The App-ification of Software Prices: Why Prices Are On the Decline
Is the move to an App Store model bringing prices of software way down? It would seem so based on the prices of some key pieces of software as they are placed in the Mac App Store.
When Apple released its own Mac App Store for Mac OS X, they included a high-end image editing and organizing program called Aperture. If you buy this program at a regular Apple Store in the mall or at their online store it costs $199 (see below). You’d be a fool to do so. In the Mac App Store it is just $79.99 (see above).
That is a significant discount. Another example is the iWork 09 office suite. Online or in the Apple Store it is $79. In the Mac App Store each of the three programs in the suite is just $19.99 each or about $60 total.
It isn’t just Apple that is slashing prices for placement in the Mac App Store. A popular image editor for Mac is Pixelmator. It is a $60 program, but when it first opened in the Mac App Store they cut the price to $30 and made a killing at half the regular price. It is now back up to the pre-sale price of $59.99.
With the iOS and Android Marketplace pushing free apps or others for just $.99 to $4.99 for “expensive” apps, it seems that computer software prices have dropped. When I look around the Mac App Store or the software aisle at an electronics store and see programs for $40 or more, I cringe. I’ve always been a cheapskate, and the $1-$5 apps have made this worse. There are expensive apps in the Mac App Store (and the other app stores) but pricey apps are increasingly rare.
The economics lesson most of us received in social studies class said that you can make more money by selling products for less. Developers have to find that sweet spot where they can cut the cost to drive up sales without eating away at profits to a point where they are just giving away their apps. That is why you see prices fluctuate like the case of Pixelmator.
With the announcement of Apple’s flagship video editor, Final Cut Pro X, coming to the Mac App Store in June for $299, one is tempted to say this is further evidence of the trend. It is actually evidence of a related trend by Apple. Their new strategy is divide and conquer where they unbundle application suites and sell them in their own Mac App Store for a slightly less total cost.
There are three examples of the divide and conquer strategy from Apple. First, is iWork. The three apps are $60 total versus $80 online or at the Apple Store. Unbundling means they will still sell the group of apps to those who want all three, but now they will add customers who would not buy the suite but will buy just one or two for $20 each. You have a net total gain for Apple.
Another example is iLife ’11. Bundled, you pay $49.99 for iPhoto, iMovie, GarageBand, iWeb and iDVD. New Macs already have the suite, but those purachased before its release have to upgrade. Some people wll buy all three four $45 and upgrade iDVD and iWeb with Software Update in the OS. Apple gets the same number of sales of the bundle, but adds those who won’t pay for the bundle but are willing to drop $15 for just one or two of them in the Mac App Store. They save money and Apple has another total net gain.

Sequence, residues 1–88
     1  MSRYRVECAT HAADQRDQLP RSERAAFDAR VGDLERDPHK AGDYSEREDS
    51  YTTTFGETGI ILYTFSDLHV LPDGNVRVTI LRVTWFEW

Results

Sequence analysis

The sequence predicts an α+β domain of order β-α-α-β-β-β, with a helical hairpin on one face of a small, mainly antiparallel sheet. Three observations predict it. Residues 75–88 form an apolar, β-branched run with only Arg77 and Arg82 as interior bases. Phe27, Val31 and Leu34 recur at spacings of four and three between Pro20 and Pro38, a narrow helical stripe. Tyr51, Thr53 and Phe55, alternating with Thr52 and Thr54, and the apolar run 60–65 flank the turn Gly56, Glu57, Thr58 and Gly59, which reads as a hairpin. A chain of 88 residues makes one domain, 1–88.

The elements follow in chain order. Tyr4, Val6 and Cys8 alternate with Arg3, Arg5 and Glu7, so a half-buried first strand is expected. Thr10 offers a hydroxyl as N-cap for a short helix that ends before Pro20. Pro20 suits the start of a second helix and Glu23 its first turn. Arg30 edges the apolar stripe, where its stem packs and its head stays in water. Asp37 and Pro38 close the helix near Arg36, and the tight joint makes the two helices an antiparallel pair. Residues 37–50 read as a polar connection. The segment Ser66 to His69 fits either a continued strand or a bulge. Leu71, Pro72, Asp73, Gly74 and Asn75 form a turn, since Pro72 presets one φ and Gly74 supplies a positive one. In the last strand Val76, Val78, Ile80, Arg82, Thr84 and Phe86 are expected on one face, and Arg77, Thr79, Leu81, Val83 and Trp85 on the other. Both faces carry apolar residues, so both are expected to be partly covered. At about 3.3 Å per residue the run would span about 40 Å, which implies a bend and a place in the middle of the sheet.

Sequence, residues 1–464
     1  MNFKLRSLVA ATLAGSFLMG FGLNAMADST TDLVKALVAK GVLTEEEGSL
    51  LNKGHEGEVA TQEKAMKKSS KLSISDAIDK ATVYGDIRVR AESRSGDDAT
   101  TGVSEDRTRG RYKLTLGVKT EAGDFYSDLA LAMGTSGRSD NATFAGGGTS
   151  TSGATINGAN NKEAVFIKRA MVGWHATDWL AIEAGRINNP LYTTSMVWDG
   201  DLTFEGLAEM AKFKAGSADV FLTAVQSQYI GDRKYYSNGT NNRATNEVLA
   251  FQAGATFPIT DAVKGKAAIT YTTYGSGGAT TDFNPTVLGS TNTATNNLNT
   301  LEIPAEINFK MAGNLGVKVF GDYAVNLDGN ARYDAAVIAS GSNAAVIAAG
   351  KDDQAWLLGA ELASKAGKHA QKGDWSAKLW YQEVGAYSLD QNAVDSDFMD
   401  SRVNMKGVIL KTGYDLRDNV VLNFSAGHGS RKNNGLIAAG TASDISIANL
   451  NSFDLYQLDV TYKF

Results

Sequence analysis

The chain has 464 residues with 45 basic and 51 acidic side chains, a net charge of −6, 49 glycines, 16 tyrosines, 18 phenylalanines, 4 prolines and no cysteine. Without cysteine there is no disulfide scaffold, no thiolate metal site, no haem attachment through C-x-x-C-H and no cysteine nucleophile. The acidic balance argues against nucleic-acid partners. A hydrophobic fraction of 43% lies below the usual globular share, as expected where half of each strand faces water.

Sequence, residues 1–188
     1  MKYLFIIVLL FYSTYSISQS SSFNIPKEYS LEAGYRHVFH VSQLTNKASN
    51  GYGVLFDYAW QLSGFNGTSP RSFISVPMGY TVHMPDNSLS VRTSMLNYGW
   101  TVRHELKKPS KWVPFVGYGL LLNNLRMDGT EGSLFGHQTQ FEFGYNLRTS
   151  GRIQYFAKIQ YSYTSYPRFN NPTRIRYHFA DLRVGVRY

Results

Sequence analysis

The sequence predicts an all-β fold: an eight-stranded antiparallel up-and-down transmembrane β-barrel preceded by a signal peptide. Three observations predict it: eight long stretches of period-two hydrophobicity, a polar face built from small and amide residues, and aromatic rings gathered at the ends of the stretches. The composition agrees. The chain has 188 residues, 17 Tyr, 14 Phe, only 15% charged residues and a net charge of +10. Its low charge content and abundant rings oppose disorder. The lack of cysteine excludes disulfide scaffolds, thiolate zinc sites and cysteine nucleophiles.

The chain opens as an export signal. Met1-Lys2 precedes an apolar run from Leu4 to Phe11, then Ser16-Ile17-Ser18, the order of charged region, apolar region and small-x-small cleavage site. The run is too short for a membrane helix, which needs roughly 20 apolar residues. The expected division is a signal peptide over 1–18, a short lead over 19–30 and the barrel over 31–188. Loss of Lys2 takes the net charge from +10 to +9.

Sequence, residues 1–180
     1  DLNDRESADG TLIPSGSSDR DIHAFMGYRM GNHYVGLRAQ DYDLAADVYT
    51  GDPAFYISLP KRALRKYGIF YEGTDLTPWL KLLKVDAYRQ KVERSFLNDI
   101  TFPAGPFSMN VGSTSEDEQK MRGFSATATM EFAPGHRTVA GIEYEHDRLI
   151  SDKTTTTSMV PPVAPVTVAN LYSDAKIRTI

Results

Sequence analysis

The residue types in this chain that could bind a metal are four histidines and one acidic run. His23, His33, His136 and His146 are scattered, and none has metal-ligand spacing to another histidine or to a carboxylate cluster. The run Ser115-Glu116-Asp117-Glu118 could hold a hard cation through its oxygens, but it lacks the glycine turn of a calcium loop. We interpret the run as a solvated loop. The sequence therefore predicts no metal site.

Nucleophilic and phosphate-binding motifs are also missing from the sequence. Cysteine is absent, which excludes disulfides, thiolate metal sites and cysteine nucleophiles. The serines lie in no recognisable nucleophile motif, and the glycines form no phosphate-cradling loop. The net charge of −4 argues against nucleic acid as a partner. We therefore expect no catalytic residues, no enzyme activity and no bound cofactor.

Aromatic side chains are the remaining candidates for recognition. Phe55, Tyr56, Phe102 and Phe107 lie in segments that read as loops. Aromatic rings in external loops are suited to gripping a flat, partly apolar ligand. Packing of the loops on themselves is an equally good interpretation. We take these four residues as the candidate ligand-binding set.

This brings us to Final Cut Studio, which like iLife or iWork is a suite. It is made up of powerful creativity software centered around video and movie making. For $999 you get Final Cut Pro 7, Motion 4 for graphics and animation, Soundtrack Pro 3 for audio editing, Color 1.5 for fixing color and a few more. Apple announced Final Cut Pro X for only $299 when purchased in the Mac App Store when it is released in June.
Is this the first step in the unbundling of Final Cut Studio? I think so. And you will likely see some updated versions of the other applications in the next couple of months. Eventually they will all show up in the Mac App Store each for less than the $299 Final Cut Pro X. The total of all of them together will likely be about $100 less than the full Final Cut Studio is together right now. As a result Apple will still sell a lot of bundles, but will add more money to their bottom line as people buy the unbundled programs not needing the whole suite.
This is a great trend for Mac users. Let’s hope that companies like Microsoft and Adobe get on board. I’d love to buy Word for $79, Numbers for $14.99, Keynote for $14.99, Photoshop for $189 and maybe Acrobat for $69 in the Mac App Store. It would save me a lot of money and probably make them a lot more money. When Windows 8 finally launches with its own built-in app store, Microsoft should take notes and learn from Apple’s success.
Adobe has offered one alternative to high priced software with the announcement of a rental model for Adobe CS 5.5 coming soon. With software prices declining in the App Store model, their $1300 for the Design Standard version of their suite is looking awfully expensive. Does $59/month sound better? Sure does! That would be the monthly fee if you chose to take advantage of the new payment model.
Adobe’s model isn’t going to work though. They will still sell to regular customers who see the $1300 price tag as a necessary business expense for their work. Some might try out the program in the rental model for a short term. But after twenty-two months you would have paid more than the total cost and most people don’t pay $1300 each time they buy the software. They pay the first time and then upgrade for $500. That is less than ten months of rental. Adobe needs to try again if it is going to compete in the app-ificcation of software prices. Maybe their new iPad version of Photoshop recently demonstrated will help.